Magnum Sal is a game about mining salt in 1368. No wait, don’t go! I know salt mining might not be your dream theme, but this one does it so well. So stay a while and listen, to a tale about the salt miners of yore.
What is “Magnum Sal” like?
In Magnum Sal each player manages a team of miners striving for the favour of the king. The favour of the king is won by mining the most and best salt. You do this by having your miners work for you in the mine shaft or go to town for various actions (two actions each turn). This is fairly straight forward modern day euro stuff, with some significant twists.
The biggest and most interesting twist is how you explore and mine in the mine shaft. At the beginning of the game the mine shaft is built by placing mining tiles face down randomly making up a central shaft and three levels. When a player places a miner in the mine shaft you will turn the tile he places the miner on up revealing the amount of water and salt in that area. The miners however, must be placed by the ‘chain rule’. There must at all times be an unbroken line of workers all the way to the surface. It doesn’t have to be one of your own miners though.
When you mine salt you look at how many miners you have on a mine tile and subtract the amount of water on the tile, and then you have the ‘strength’ of your workers there and that is the amount of salt you can mine. Having worked hard to mine the salt your miners become fatigued (in game you lie your miners down) and can only rested and available again after you skip your turn. To bring the salt back to the surface you use the chain of workers back to the surface, the trick is though that for each area of the chain that you don’t have any miners, you must pay one of your opponents present in that area. This brings a really interesting balancing act in the game, how far do I want to stretch my available miners? Can I lock down an opponent’s workers by putting one worker at the end of the chain and not removing it? This is where the meat of the game is.
Apart from mining or taking a place/move miner action in your turn, you can also use an action on activating a building in the city for various effects such as getting equipment cards that help you in the mines, sell and buy salt to make it easier to fulfil your contracts or earn money, get rid of water down in the mine and finally you can send a miner to the castle to fulfil a contract from the king. A nice little twist here is that the game isn’t limited by a set amount of rounds, but by a finite amount of contracts, so every time you complete a contract you push the endgame closer.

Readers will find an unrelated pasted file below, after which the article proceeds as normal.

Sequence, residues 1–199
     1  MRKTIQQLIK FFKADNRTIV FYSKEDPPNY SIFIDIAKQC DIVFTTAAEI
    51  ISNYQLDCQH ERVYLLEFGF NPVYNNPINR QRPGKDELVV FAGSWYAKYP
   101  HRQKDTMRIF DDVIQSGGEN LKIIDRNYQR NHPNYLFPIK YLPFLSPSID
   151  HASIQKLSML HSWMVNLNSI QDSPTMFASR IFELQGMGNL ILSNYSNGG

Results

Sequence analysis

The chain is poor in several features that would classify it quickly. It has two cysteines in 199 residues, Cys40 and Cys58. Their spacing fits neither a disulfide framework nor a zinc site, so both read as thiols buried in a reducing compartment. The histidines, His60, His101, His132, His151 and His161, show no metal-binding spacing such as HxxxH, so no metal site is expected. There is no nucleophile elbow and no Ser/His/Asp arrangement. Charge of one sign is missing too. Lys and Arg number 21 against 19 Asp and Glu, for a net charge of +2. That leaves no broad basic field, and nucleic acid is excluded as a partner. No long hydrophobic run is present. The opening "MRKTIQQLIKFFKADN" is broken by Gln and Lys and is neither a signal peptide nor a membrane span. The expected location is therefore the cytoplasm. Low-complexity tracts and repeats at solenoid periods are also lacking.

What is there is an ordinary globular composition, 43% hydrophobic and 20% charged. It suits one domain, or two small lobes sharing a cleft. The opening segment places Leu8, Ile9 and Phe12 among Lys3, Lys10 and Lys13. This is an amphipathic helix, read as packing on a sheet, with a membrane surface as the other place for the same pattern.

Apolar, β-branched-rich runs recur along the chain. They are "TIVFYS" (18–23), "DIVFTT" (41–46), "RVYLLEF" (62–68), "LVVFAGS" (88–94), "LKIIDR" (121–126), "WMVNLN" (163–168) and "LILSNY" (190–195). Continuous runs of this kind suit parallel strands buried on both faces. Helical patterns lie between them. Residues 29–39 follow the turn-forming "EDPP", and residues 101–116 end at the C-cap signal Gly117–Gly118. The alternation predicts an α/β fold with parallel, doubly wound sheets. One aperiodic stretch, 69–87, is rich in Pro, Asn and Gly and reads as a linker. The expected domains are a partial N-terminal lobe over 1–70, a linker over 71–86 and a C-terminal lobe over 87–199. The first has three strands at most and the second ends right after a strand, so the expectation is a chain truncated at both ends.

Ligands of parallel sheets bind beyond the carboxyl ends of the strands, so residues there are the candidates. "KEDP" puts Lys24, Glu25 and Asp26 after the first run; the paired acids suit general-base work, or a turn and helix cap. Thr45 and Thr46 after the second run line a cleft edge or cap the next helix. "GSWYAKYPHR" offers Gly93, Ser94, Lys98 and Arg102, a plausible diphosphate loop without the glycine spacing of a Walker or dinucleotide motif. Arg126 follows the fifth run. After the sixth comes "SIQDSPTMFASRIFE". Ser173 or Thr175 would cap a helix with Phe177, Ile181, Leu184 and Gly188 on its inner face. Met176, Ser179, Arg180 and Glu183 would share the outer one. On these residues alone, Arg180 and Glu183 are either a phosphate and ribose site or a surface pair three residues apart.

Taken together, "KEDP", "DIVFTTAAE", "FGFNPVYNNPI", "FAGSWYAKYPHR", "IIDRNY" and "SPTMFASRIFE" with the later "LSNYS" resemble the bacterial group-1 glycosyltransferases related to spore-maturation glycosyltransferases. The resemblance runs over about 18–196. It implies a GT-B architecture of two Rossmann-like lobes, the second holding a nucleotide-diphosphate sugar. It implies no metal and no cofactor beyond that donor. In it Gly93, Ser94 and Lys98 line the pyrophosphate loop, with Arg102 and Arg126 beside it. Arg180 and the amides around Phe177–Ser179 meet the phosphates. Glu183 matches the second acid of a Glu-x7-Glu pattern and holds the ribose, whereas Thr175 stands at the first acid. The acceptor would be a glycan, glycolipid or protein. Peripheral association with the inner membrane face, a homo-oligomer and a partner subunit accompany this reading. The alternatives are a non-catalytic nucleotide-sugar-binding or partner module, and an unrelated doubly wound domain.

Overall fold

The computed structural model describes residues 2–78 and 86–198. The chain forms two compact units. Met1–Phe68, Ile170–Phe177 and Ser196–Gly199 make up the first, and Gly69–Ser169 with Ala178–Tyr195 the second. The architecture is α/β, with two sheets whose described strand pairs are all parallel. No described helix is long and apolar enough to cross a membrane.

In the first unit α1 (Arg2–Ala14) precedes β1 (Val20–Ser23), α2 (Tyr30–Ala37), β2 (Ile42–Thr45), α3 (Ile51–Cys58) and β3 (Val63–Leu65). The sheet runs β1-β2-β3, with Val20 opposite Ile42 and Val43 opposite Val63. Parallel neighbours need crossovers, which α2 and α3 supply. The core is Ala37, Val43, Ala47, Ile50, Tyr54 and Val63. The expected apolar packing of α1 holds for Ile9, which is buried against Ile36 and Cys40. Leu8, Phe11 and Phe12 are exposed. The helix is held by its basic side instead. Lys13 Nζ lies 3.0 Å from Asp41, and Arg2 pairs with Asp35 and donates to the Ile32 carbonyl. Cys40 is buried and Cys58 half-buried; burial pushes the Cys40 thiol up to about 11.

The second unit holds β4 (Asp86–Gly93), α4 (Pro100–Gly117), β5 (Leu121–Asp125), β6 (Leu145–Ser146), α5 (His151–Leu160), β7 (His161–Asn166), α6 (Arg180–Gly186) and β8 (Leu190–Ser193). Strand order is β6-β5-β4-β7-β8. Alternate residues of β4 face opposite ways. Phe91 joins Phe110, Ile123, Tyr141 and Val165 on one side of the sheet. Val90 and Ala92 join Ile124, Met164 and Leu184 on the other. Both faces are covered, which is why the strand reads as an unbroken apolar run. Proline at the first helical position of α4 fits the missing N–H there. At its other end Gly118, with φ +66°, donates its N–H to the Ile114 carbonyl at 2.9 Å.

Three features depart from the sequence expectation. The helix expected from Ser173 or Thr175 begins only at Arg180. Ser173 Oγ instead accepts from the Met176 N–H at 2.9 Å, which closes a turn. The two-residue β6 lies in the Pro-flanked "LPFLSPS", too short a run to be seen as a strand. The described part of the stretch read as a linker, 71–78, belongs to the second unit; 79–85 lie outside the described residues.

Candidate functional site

Another way you can utilize your miners are by making them assist in one of the buildings in the city, this gives you income whenever that place is activated.
I really like this game. It captures the theme incredibly well. Everything comes together nicely. Perhaps the feeling of exploration could be a bit stronger and I really want to try out the expansion because that looks like it creates just that. This is a very clean and somewhat cut-throat euro game. This will stay in my collection and I even sold Haspelknecht off because I feel like this is a way better mining themed game. Close to a five rating.
This game is fun, it is light hearted and not too heavy. It plays relatively quickly and turns go by fast so you wont be bored while waiting for your turn, and the whole sort of area control thing going on in the mines keeps you interested even in other players turns.
Everything in this game makes thematic sense and evokes the feeling of exploring the mines. It is an abstraction obviously, but it makes a lot of sense.
The game is a little generic euro looking, but at the same time it is very well executed.
Components are great looking, but the age shows a bit (released in 2010 and the average component quality of games has risen since then) and if someone did a reprint on kickstarter there could be some really cool custom components made for this. The manual however would not need much work, it is concise and well written and leaves little to be desired.
This game barely reaches a complexity level of three. However I chose to put it there because the game can feel heavy as how the mechanics work together takes a couple of games to really get the feel of.
- Players: 2-4
- Playing time: 90 minutes
- Suggested age: 10+
Would you like to know more?
Take look at this Tom Vassel review of the game to get a deeper feel of how the game plays.